This post is part of an ongoing feature The Great Griffey Base Card Project.
The Upper Deck timeline is special to this particular blog because it is perfectly synchronized with Griffey's career. Both came out in 1989 to much acclaim, both had storybook 22-year runs filled with success, both had some controversy to deal with towards the end but remained beloved by fans, and both came to a quiet end in 2010. Upper Deck also had a spokesman deal and exclusivity agreement with Griffey.
Their cards were always premium, their photography was always stellar, and their designs and ideas were always innovative. They were the Joneses that other brands struggled to keep up with.
Here is every Upper Deck design by year:
Arguably the most universally-recognized card design of the modern age and possibly of all time, the '89 design is built around a first base line with the player position appearing on the bag. UD came out of the gate already on quality white card stock with a very light gloss finish; so while they still had room for improvement, they were always premium cards. This set also had a really nice "Star Rookie" badge that was only around for the one set.
A simpler design than in the previous year, here we see the line from first to second base and the updated Upper Deck logo. They kept the large, square photo with the name underneath in the white border, but this set lacks the flourish of the previous and following year's designs. This is the plainest Upper Deck cards would get.
The concept of the base lines is completed with this design that features the path from second to third and third to home. We get the team logo at home plate and we keep the player position on the bag. This design is also among collector's favorites with it's great photography, attractive design, and impressive rookie checklist.
Upper Deck was known for its triple exposure shots that were first introduced in the '89 set. Here we have a sweet quadruple exposure. The shadow effect under the picture and the baseball coming from the logo keep things interesting.
The glossiest yet, the '93 set is the most popular Upper Deck set of the 90's. This was the only UD set not to feature the eponymous logo; but its bright, clean design and excellent photography really struck a chord with collectors. This remains an extremely popular set among collectors to this day.
This is the year UD really pushed the design envelope with this modern offering. No border at all, lots of foil on every card, that crazy smooshed black-and-white version of the main image. These cards must have looked crazy in 1994. Oh, did I mention that this set has amazing photography? Check it out sometime. That bronze-colored foil would become a staple of Upper Deck's designs for years.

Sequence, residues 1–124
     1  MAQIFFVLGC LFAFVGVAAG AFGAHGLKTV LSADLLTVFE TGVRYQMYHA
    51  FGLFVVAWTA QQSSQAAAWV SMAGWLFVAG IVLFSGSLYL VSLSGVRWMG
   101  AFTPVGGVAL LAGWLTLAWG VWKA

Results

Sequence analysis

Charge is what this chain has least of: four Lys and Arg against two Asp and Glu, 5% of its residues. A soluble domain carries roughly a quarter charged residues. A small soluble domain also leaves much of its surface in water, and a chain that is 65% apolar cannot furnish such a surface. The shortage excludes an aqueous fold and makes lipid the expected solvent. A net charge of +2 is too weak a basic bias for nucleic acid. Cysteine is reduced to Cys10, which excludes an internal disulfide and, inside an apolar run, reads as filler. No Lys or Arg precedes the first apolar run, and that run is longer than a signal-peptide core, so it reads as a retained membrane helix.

My favorite Upper Deck design of all time, '95 slanted classy. This is the beginning of a movement towards designs that were at once modern and traditional. Completely full-bleed for the first time, foiled-out name in a font that can be accurately described as pimp, a nice sense of balance, that hint of a dark fade towards the bottom - these cards looked great for any team and in any orientation, and again the photography was fantastic.
I would like to have been a fly on the wall at this set's design meeting over at Upper Deck HQ. I'm willing to bet it was a heated debate the day they decided on a big field of orange foil with the name in an elongated oval with filigree on either side. This one always confused me - I can't tell whether I despise the design or just plain don't like it. Regardless of which is more accurate, the '96 design never sat well with me despite the large quantity of great cards in the set.
I think they had a bunch of orange foil left over from the previous year, but they added wood grain to this one. You've got to admit it does look a lot better. The name here is in a split-faded, color-appropriate line gilded in silver foil and offset by a nice team logo on the left. They also added a caption for every picture in the set this year which is unfortunately something they did only once more then never again. I'd love to see that element make a comeback. The UD logo in the same foil as the team logo and in the opposing corner balances the card nicely.
At the time it came out I was not crazy about this set for it's similarity in orange foil to the 1996 design and the addition of the captions which I thought was clunky back then. As I look at it today, I realize how awesome the design really was. Plus, look at those old-ass CRT televisions. I love when cards showcase old tech.
The last set that was around when I still collected, the '98 design was futuristic and cool. Big ol' name plate along the side featuring a modern font and lots of silver detailing, a caption for every picture, a large team name, and more solid photography all made this set feel high-end and desireable.